Friday Fictioneers – Mother of Exiles

Every week, Rochelle Wisoff-Fields (thank you, Rochelle!) hosts a flash fiction challenge, to write a complete story, based on a photoprompt, with a beginning, middle and end, in 100 words or less. Post it on your blog, and include the Photoprompt and Inlinkz on your page. Link your story URL. Then the fun starts as you read other peoples’ stories and comment on them!

PHOTO PROMPT (C) NA’AMA YEHUDA

Mother of Exiles

…“Give me your tired, your poor,

Your huddled masses yearning to breathe free,

The wretched refuse of your teeming shore.

Send these, the homeless, tempest-tost to me…”

Poor Carmina. Our journey was almost more than she could bear. By day she hobbled on blistered feet. By night, she shuddered with the terrors of the jungle, my embrace barely enough to comfort her. But we made it; we slipped across the border into the USA.

Since then I’ve scratched a frugal living here. Carmina died last year; we couldn’t afford medical treatment.

“I lift my lamp beside the golden door!”

Inlinkz – click here to join the fun

31 thoughts on “Friday Fictioneers – Mother of Exiles

    • Thank you for your very kind comment, Neil. The sentiments of “The New Colossus” are admirable, being both a blast at colonialism and an exhortation to welcome the weak. They are something all civilised nations could, and in my opinion should, adopt. But we, and I include the UK in this, fall woefully short.

      Like

  1. It amazes me how we tout the greatness of America while so many turn their backs on the promises that are supposed to make us great. Excellent use of “The New Colossus” to frame your story and remind us of that promise.

    Liked by 1 person

    • Thank you for your thoughtful comment, Nobbin. If America lived by the promises of The New Colossus it would indeed be a great nation. Thank you for your kind words about ghe way I’ve framed my story.

      Liked by 1 person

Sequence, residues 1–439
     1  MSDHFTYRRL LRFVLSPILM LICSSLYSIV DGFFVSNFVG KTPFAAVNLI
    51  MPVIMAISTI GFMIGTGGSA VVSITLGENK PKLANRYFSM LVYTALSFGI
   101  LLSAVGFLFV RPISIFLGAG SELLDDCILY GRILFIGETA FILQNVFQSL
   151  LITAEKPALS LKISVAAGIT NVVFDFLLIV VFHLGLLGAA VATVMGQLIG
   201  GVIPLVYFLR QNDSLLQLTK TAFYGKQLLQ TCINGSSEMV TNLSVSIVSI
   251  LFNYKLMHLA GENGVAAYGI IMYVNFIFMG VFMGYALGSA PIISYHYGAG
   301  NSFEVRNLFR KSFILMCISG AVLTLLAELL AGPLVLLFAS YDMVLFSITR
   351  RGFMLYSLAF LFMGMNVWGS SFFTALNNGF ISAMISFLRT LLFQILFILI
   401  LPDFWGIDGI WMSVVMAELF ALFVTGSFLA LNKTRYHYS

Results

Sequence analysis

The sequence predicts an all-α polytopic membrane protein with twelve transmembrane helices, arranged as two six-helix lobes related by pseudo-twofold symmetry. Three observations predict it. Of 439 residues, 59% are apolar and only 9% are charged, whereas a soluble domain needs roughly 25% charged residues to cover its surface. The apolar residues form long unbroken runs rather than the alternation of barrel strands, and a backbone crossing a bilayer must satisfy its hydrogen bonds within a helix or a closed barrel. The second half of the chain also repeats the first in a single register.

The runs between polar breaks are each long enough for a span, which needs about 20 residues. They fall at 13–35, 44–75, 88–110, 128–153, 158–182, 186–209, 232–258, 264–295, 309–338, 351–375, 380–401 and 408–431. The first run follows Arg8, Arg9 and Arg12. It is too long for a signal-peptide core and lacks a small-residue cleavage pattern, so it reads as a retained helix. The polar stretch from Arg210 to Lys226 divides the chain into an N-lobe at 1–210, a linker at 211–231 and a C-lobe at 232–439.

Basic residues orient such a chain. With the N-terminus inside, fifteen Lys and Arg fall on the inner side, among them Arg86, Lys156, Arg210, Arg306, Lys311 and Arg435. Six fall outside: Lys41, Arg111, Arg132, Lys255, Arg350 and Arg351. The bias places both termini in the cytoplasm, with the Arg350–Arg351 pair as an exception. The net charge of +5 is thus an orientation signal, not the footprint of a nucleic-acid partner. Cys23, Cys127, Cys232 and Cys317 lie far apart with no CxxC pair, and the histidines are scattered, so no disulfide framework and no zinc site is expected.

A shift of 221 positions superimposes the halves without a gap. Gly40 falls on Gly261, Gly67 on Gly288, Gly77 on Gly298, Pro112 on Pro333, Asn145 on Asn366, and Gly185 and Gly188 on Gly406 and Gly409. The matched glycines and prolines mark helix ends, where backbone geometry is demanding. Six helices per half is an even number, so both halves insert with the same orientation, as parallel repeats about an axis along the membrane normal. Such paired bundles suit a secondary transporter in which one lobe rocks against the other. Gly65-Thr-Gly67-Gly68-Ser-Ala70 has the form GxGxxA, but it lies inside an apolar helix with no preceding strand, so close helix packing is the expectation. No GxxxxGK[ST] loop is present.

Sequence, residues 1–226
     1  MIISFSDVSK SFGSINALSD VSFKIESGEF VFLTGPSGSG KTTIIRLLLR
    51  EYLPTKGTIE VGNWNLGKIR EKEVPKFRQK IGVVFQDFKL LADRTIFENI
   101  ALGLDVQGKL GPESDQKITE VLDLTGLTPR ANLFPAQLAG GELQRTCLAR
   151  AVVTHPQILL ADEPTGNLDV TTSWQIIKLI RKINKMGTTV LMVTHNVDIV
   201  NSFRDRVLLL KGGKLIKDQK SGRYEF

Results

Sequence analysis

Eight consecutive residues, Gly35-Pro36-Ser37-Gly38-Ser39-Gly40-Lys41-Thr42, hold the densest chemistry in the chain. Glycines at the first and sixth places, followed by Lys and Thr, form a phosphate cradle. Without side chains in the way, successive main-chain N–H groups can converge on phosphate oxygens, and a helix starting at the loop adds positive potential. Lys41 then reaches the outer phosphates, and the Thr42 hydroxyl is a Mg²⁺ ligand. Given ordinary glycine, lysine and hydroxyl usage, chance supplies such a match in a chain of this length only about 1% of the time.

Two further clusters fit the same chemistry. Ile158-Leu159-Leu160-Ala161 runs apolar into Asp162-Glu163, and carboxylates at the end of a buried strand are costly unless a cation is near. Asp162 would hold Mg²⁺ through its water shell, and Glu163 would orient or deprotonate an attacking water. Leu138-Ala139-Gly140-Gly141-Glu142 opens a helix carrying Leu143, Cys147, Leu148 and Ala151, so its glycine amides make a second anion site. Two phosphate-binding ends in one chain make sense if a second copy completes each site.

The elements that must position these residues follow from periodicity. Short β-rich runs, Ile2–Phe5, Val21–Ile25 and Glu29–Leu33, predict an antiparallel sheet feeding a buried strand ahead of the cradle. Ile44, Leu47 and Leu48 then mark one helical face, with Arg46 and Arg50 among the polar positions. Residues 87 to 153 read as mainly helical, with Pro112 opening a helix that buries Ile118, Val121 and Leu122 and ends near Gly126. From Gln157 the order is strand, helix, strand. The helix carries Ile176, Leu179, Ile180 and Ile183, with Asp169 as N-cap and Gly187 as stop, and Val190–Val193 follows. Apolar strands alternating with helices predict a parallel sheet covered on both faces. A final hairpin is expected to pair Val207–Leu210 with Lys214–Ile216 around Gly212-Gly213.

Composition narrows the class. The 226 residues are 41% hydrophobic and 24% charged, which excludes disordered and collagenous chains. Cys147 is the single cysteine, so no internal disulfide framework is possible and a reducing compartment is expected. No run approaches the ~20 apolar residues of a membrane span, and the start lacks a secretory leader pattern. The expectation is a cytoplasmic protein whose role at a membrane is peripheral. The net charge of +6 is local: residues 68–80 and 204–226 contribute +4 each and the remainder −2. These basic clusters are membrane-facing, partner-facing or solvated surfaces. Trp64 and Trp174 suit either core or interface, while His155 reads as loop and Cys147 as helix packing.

2. It’s a national shame the US doesn’t have nationalized healthcare for its citizens let alone its non-citizens. The gap between haves and have-nots ever-widens. Even now the help packages Biden approved are being threatened as the republicans think everyone should work at $7/hour and consider themselves lucky to be working. The ideal and the reality don’t mesh at all and your story does a wonderful job of showing it.

    Liked by 1 person

    • Thank you for your thoughtful comment, Jade. “The New Colossus” gives a vision of the values that could genuinely make America great. Unfortunately, the other soundbite of American values “You can be who you wanna be,” is a big lie that the fortunate use to justify their good luck, and the poor use to beat themselves up for not being good or motivated enough.

      Liked by 1 person

  3. Powerful and heartbreaking story, Penny. The ‘healthcare wars’ of the US is something I’ll never understand. People get insurance (=solidarity with a cost) for almost everything else, why the fuss about healthcare? It works very well in other countries.

    Liked by 1 person

    • Thank you for your kind comments, Gabi. The argument is sometimes made that because the US model of healthcare is private sector it benefits from efficient ways of working; public sector provision is seen as inefficient.
      But the USA spends over 17% of GDP on healthcare, and leaves vast swathes of the population with zero or inadequate care. A typical European nation, with mainly state provision of healthcare and some private sector provision, spends less than 10% of GDP in total, state and private. For that, healthcare is universal. These are official UN figures.

      Liked by 1 person

  4. Well written heartbreaking story. This reality istrue for many Americans too who are dying because they can’t afford medical care. The Pandemic has revealed that America’s broken healthcare is all about profit over people and cost over care.

    Like

Leave a Reply

Fill in your details below or click an icon to log in:

WordPress.com Logo

You are commenting using your WordPress.com account. Log Out /  Change )

Twitter picture

You are commenting using your Twitter account. Log Out /  Change )

Facebook photo

You are commenting using your Facebook account. Log Out /  Change )

Connecting to %s